and therefore revolution will be the process by which forms and forces become harmonious. Connected to this concept of productive forces is the concept of the "modes of production.. a dogma. Life in general has no history. however. necessary to the structure is "the life-process of definite [bestimmter. as they operate. productive forces and forms are always interconnected. it is a mode of being together which precedes the way in which people represent their situation. Consequently. Once more the concept of operating individuals supports the concept of class. and then capitalistic property-the status of the regime of property constitutes the form within which the forces develop (43-46). productive forces do not exist as such "nowhere. produce materially. since the problem is whether class is the ultimate requisite for a theory of ideology. In The German Ideology Marx introduces the concept of class in the following way: The fact is. The argument is that the capitalist structure is an obstacle to the development of productive forces. there may be a genealogy of class. communal.. Marx describes the whole process of history as an evolution of productive forces conjoined with an evolution of corresponding forms. instead. The editor of the English translation has entitled this section "History: Fundamental Conditions" (48). Some texts say that an ideology is always an ideology of class. living beings like bees and ants always build their homes in the same way. cannot be described as existing in and of itself." Here is an initial anticipation of the relation between the so-called superstructure and the so-called infrastructure. One trend that develops in orthodox Marxism is the claim that the only problem needing resolution is the discrepancy between forms and forces. active in a The social ucture and the State are continually evolving out of the life-process of definite strdividua!s. of salary. determinate or determined] individuals.' This concept proceeds from the description of the set of material conditions without which there would be no history." So in German to be real and to operate are the same thing. For The German Ideology. that definite individuals who are productively definite way enter into these definite social and political relations . idea. they are therefore the social rules according to which the technological process proceeds. what later works will call the relations of production. a doctrine. The relationship between productive forces and the modes of production is significant because the structuralist and anti-humanist interpretation of Marx will rely principally on this interplay between forces and forms. Therefore. that is. a theory. On the basis of the statement just quoted. Historical materialism is not yet a philosophy. . and wirklich has the same root as wirken." not to what they merely conceive themselves to be. of association. the mode of union. determination of the role of class depends on how we locate the concept in Marx's analysis. not as t h ey may appear [erscheinen] in their own id . The evolutionary schema typical of Marx applies also at this level. a history of human production. (46-47) I would amend the translation slightly. it is the concept underlying a theory of ideology. therefore.e. the class is an infrastructure.74 Marx: The German Ideology (1) Marx: The German Ideology (1) 75 the development of productive forces. between forces of production and relations of production. Therefore. When Marx says "as they really are." They are always caught in a certain juridical framework. We must preserve the term Vorstellung. since it is the basic notion for what ideology really means. In this case. Marx contrasts the way certain things appear (erscheinen) as phenomena. in or other people's imagination [Vorstellung]. it is a way of reading human life on the basis of the material conditions of its activity. presuppositions and conditions independent of their will. or representation. but as they really are. feudal. Marx's claim is that technology. which has been translated by "as they operate. There is. The text then leads us to the important concept of historical materialism. but 0 f i diIVI u al s. I again surmise that the key concept at work is the individual under certain conditions. with the way they actually are. Vorstellung is not imagination but rather conception. and so on. but as a mode of being together it is also an activity under certain conditions. In characterizing the division of labor and the forms of ownership-the consecutive evolutionary development of tribal. and the class is a way of operating together. but where the conditions belong to the structure of the individual. and hence as they work under definite material limits. however. The third concept we shall consider is that of class. and so forth. although the term itself is not used and in fact is not found in Marx but only in later Marxism. resulting from the interplay between forces and forms. This concept is critical for our study." the German for "really" is wirklich. For another kind of analysis. The relations of production are mainly the juridical framework. historical materialism is the description of the material conditions which give a history to humanity. the system of property. i. in representations. The class structure belongs to what people are and not to what they "imagine. we could say that this structure is an ontological structure. To be is to be operating. a state. which involves only the productive forces. The text of the original German makes this point even more strongly..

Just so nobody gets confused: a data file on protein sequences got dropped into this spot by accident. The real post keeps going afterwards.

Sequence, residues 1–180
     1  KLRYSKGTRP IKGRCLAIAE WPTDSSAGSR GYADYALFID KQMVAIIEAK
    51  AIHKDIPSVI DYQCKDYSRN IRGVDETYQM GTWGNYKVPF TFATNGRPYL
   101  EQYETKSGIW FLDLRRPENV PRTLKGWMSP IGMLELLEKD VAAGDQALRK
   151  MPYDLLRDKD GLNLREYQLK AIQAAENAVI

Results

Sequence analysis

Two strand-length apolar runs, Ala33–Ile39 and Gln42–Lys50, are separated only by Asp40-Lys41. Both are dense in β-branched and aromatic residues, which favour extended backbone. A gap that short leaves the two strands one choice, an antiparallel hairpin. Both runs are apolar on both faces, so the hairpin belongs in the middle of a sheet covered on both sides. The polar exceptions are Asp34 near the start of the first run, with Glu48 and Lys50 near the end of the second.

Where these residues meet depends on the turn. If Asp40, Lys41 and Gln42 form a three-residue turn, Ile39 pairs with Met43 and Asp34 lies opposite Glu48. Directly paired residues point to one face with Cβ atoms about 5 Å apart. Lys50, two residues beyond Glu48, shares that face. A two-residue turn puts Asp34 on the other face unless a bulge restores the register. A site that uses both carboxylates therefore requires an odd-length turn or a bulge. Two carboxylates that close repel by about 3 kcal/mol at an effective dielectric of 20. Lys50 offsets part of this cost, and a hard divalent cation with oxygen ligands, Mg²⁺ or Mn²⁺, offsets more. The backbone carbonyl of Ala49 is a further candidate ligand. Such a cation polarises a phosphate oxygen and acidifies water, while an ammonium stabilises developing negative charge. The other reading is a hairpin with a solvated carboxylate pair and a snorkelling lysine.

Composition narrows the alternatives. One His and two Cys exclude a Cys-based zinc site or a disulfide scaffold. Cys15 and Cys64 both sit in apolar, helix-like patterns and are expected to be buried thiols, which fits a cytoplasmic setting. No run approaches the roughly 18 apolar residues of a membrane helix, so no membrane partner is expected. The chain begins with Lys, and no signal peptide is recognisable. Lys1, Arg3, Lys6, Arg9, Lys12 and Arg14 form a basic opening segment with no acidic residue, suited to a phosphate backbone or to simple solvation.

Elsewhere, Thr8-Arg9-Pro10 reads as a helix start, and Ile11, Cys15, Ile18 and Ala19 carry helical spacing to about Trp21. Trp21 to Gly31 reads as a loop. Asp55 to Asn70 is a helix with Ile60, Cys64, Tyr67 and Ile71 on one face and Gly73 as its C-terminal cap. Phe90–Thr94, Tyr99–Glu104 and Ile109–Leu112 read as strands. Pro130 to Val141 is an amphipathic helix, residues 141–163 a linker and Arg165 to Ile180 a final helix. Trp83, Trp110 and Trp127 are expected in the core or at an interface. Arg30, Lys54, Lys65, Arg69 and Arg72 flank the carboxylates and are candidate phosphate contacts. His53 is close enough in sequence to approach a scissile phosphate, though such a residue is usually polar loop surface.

no matter under. Marx continues. This is true to such an extent that the second stage of this history is the production of new needs (49). so neutral that.s. Nevertheless. This leads to the question whether there could be a language of real life which would be the first ideology. appear at this stage as the direct efflux [Ausfluss. For Marx. then it is destroyed by industry. The concept of ideology may be large enough to cover not only distortions but all representations. as they are conditioned by a definite development of their productive forces and of the intercourse [VerkehrsJ corresponding to these. morality. actual.what conditions. the difference between these two moments must be preserved. the history of production. Conceiving. I myself shall graft the entire analysis of ideology on this concession-on what will at least become a concession in Marxist language-that there is a language of real life which exists before all distortions. a symbolic structure of action that is absolutely primitive and ineluctable. Ideology may sometimes be a neutral concept. The concept of reality covers all the processes that can be described under the title of historical materialism. Vorstellungen. For Marx the ideological is that which is reflected by means of representations. in what manner and to what end" (50)' Zusammenwirken. they speak of an entity which "is an abstraction. Men are the producers of their conceptions. the term ideolop. Marx responds in a paragraph I shall read almost line by line: "The production of ideas. It is the representational world as opposed to the historical world. This concept of the language of real life is fundamental to our analysis. but to reality. the production of material life itself is historical. we realize that we cannot exclude the possibility that distortion is ideology in an inadequate fonn. It is merely contrasted to what is real. however. If we preserve this difference. the language of real life" (47). ideology is not yet opposed to science. thinking. etc. Historical materialism incorporate~ first the production of the means to satisfy human material needs (48).Marx: The Gennan Ideology (1) Marx summarizes the nature of historical development articulated bv historical materialism in three points. Therefore. the family represents the social structure in its most natural and immediate phase. the conditions of activity. religion. since not to be real is the possibility of being distorted. as will be the case in modem Marxism. (4-7) "Intercourse" is the translation in this text of the German Verkehr. all Vorstellungen. Marx: The German Ideology (1) 77 ke as a central text on ideology some lines that we have already menI. of a people. that historical materialism breaks completely with human beings. ta d: "The social structure and the State are continually evolving out of ." (46). Should we say. Eastern communism speaks of communist ideology as opposed to bourgeois ideology. In Hegel's Philosophy of Right. The family is kept in the stream of the productive forces. Only then is there a history of desire. but as they appe ar really are. for example. The dividing line is not between false and true but between real and representation. ideas. des Betousstseins] is at first directly interwoven with the material activity and the material intercourse of men. We can see how close this is to distortion. The same applies to mental production as expressed in the language of politics. therefore. is always behind a collective entity. active men. When we produce only the means to satisfy existing needs. the most simple ideology. of conceptions. economic life is considered later. When economists speak of need. the mental intercourse of men. the problem of ideology is only that it is representation and not real praxis. Comparison of Marx and Hegel on this topic is instructive. e-menation] of their material behavior. . Once more. More precisely. as we know well in the present age of advertising. etc. the latter having a consistency of its own thanks to activity. In concord with Geertz here. then. They neglect the fact that needs receive their historical dimension only from the production of the means of satisfy them. this production is limited to the horizon of these given needs. with the humanistic basis? We cannot if we keep in mind this fundamental declaration: "By social we understand the co-operation of several individuals. and so on. between praxis and Vorstellung. etc. the structure of the family proceeds from the history of needs as part of the history of production. up to its furthest forms. Verkehr . We shan introduce as the fifth main concept of this text the concept of ideology itself. . The collective entities which are the object of historical materialism are constantly referred by Marx to the individuals who produce them. law. of consciousness [der ldeen. wirklich. individ~als not as they may in their own or other people s imagmanon [VofstellungJ. b~t of. Here the history of the family is that it is first an economic cell. The second basic element of historical consequence arises onlj-in the production of new needs. metaphysics. cooperation.-real. the history of needs. but needs as such are not. The third moment which enters into historical development is the reproduction of humanity through the family (49). this pennanent creation of needs in order to sell and so on.has no necessarily negative overtone.::~f~-process of definite individ~al. says Marx.